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Cambridge NERC Doctoral Training Partnerships

Graduate Research Opportunities
Antarctic Benthic Community
Brief summary: 
This project will investigate Antarctic benthic community ecology and the environmental factors that affect Vulnerable Marine Ecosystems.
Importance of the area of research concerned: 
The ecological structure of modern Antarctic benthic marine communities is unique and differs from the rest of the world. It is dominated by epifaunal suspension feeders (including brachiopods, sponges and stalked crinoids) in shelf areas, with a paucity of shell crushing predators (sharks, rays, durophagous decapods). However, generally there is limited data on the Southern Hemisphere benthic ecosystems compared to other areas globally. This project aims to determine the spatial structure of Antarctic communities on fine and large scales using newly developed methodologies for the analysis of community ecology. This approach will enable us to establish key species that underpin benthic community ecology, and the environmental factors that affect Vulnerable Marine Ecosystems (VMEs). The establishment of key species will help quantify the potential future adverse effects of bottom fisheries and anthropogenic climate change on modern Antarctic benthic marine communities. Such information is essential to inform policy makers and develop future sustainable management plans for the region.
Project summary : 
This project will investigate how different habitats influence community composition and structure to understand the effects that damage may have on benthic systems. The extensive data set for this project has already been collected, and consists of both fully reconstructed and identified communities, as well as unprocessed data. The ecological networks of Antarctic benthic communities will be reconstructed, determining the interactions between benthic species and their local habitat, and how these interactions change over spatial scales. These ecological networks will be used to investigate how changing community composition, and removing species, influences ecosystem dynamics, with a view to better understand how to protect VMEs. Overall, these methodologies will contribute to trying to assess the potential impacts of anthropogenic change on Antarctic benthic ecosystems.
What will the student do?: 
The student will use substantial existing Antarctic seafloor photographic and video data from BAS and AWI (OFOBS/OFOS), from a range of depths and geographic locations, to reconstruct benthic communities as 2D and 3D models. Organism position and size, habitat features and local environmental will be marked up. The community ecology will be investigated using spatial point process analyses, which will be used to determine fine-scale habitat associations and competitive and facilitative interactions between species. Bayesian network inference and multivariate regression analyses will enable large-scale ecological drivers to be determined. Ecological networks will be determined, so that the influence on community composition and dynamics can be modelled to investigate the impact of anthropogenic factors, such as fishing, have on these communities. These analyses will then be used to make inferences about how communities may develop under different environmental change or species exploitation scenarios.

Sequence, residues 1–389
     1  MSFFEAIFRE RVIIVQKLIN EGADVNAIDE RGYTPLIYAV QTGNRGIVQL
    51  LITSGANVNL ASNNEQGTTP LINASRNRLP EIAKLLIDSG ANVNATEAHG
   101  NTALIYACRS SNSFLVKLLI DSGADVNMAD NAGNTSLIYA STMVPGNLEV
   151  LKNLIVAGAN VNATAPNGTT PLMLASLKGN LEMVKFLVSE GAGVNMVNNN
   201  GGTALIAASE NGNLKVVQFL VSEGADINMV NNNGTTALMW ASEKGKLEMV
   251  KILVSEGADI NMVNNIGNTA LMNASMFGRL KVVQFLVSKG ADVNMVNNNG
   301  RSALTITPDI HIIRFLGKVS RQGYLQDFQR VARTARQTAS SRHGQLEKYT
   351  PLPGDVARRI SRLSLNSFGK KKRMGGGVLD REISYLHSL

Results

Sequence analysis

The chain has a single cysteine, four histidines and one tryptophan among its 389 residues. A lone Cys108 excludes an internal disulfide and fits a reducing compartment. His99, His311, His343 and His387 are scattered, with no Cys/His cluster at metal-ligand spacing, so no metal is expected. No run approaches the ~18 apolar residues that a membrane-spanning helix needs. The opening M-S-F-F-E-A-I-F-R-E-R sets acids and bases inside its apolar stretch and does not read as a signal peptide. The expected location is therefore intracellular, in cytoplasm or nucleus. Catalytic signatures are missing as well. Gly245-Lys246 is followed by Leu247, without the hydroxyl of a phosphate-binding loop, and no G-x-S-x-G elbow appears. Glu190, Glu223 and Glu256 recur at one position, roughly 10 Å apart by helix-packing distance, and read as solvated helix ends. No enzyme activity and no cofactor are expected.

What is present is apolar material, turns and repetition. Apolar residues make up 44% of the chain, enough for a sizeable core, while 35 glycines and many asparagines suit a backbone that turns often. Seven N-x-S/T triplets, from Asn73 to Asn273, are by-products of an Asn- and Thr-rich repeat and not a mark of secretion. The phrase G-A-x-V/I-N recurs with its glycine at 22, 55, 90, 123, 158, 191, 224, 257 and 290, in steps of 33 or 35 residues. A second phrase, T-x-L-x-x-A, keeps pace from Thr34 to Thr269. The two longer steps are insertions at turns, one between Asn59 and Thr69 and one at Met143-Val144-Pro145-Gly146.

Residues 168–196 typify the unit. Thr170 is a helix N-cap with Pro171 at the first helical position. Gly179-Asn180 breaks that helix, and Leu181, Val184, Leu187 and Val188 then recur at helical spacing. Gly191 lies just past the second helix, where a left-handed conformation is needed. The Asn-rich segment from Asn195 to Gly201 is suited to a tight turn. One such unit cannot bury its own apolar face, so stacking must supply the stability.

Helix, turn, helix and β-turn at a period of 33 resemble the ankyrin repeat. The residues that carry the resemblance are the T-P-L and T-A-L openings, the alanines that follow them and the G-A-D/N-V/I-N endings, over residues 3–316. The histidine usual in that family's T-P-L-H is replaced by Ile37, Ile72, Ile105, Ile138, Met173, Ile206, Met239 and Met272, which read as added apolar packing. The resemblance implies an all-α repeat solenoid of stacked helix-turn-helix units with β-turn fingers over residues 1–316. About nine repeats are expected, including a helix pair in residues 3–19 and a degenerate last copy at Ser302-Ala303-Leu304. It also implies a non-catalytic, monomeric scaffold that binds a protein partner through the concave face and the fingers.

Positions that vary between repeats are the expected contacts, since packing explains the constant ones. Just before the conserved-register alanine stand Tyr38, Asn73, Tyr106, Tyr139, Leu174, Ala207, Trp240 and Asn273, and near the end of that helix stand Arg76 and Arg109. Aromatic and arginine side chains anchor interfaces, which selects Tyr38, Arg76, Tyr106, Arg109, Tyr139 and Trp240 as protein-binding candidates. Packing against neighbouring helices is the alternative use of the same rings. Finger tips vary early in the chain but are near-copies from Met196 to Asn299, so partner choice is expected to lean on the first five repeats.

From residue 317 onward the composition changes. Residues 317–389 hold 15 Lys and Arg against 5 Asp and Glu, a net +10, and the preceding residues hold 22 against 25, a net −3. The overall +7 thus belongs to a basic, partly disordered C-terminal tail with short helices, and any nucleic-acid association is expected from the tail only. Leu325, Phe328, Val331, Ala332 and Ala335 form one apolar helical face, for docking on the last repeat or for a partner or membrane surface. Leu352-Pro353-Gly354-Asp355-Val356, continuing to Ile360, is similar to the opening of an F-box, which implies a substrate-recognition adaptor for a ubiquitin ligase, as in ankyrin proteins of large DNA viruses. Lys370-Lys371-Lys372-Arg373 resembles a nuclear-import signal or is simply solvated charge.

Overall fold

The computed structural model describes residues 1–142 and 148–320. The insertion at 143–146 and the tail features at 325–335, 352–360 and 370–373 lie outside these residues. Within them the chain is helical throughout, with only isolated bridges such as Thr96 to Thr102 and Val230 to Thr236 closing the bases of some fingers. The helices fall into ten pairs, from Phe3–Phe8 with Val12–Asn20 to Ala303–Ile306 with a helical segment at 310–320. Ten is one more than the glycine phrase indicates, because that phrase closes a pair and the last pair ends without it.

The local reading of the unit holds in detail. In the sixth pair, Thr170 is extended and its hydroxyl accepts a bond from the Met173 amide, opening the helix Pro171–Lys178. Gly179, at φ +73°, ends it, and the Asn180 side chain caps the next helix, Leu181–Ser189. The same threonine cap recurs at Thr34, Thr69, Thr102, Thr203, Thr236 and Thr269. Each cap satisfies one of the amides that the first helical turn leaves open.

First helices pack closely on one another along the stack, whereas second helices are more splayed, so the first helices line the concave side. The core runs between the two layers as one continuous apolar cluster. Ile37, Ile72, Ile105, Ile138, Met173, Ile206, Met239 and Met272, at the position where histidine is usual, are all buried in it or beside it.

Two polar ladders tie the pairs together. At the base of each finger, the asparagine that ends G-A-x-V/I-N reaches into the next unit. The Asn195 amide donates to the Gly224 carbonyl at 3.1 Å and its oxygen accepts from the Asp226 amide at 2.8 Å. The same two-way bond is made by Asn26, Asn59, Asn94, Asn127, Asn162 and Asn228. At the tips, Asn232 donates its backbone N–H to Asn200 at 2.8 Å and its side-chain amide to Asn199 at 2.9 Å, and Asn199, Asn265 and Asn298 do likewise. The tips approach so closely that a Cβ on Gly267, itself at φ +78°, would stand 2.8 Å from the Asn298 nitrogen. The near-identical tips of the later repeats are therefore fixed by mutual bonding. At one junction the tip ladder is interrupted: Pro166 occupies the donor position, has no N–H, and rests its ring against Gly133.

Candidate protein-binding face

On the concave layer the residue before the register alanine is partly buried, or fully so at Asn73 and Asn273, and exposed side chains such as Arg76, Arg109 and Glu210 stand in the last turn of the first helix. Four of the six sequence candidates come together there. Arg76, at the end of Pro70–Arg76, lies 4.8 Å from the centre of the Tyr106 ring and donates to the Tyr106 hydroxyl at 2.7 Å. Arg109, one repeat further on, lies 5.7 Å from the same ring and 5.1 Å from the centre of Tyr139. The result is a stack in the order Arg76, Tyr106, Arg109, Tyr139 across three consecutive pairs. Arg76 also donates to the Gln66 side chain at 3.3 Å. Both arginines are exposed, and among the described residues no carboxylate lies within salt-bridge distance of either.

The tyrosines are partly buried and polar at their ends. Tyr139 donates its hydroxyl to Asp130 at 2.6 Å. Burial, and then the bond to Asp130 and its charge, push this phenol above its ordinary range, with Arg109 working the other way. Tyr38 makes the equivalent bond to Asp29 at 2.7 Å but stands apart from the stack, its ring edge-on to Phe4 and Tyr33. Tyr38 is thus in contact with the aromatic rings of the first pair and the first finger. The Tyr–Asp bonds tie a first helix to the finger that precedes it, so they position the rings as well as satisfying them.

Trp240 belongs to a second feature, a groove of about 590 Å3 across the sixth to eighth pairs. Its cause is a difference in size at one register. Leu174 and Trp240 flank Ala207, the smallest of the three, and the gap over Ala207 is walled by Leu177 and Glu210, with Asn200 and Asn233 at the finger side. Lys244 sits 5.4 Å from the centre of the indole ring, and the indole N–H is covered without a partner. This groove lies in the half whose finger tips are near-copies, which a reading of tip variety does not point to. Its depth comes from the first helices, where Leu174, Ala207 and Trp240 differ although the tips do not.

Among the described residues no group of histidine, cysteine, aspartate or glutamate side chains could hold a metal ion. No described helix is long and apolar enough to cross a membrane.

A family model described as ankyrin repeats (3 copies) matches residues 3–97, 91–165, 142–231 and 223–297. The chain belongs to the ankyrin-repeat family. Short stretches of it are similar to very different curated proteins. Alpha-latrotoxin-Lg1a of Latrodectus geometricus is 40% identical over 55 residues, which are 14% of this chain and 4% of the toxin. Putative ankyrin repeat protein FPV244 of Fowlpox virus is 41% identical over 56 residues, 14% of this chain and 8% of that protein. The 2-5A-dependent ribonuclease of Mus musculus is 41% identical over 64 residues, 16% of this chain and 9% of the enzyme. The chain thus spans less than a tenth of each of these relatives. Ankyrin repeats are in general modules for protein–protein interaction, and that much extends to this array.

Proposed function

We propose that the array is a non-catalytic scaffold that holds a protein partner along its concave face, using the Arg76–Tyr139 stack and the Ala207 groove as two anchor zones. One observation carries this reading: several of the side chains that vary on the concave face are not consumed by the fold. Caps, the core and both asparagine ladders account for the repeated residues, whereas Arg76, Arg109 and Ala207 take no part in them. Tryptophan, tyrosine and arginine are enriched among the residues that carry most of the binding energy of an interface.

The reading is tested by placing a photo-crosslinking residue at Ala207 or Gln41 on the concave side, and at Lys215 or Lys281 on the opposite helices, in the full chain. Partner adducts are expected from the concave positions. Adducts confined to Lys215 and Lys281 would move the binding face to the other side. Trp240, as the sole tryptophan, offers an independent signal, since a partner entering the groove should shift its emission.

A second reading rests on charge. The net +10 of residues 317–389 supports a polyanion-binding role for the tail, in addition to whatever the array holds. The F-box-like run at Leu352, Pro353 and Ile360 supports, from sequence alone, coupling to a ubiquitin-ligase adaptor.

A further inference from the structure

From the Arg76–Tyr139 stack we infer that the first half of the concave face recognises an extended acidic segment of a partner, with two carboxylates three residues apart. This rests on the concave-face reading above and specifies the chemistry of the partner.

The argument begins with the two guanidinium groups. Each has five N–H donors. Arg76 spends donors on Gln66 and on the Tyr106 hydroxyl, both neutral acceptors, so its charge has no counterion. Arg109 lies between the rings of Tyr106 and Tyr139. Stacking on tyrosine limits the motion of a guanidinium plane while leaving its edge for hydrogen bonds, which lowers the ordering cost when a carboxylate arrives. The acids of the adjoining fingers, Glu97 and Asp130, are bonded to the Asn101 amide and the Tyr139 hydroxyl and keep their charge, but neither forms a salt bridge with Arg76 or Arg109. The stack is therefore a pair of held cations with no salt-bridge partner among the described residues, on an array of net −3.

References - references should provide further reading about the project: 
Mitchell, E.G. Whitte, R. J. & Griffiths, H. J. Benthic ecosystem cascade effects in Antarctica using Bayesian network inference. Nature Communications Biology, accepted.
Whittle, R.J., Witts, J. D., Bowman, V. C., Crame, J. A., Francis, J. E. & Ineson, J. 2019. Nature and timing of biotic recovery in Antarctic benthic marine ecosystems following the Cretaceous-Paleogene (K-Pg) mass extinction. Palaeontology,
Gutt, J., Griffiths, H.J. & Jones, C.D. 2013. Circumpolar overview and spatial heterogeneity of Antarctic macrobenthic communities. Marine Biodiversity,
You can find out about applying for this project on the Department of Zoology page.
Rowan Whittle
Dr Emily Mitchell
Department of Zoology Graduate Administrator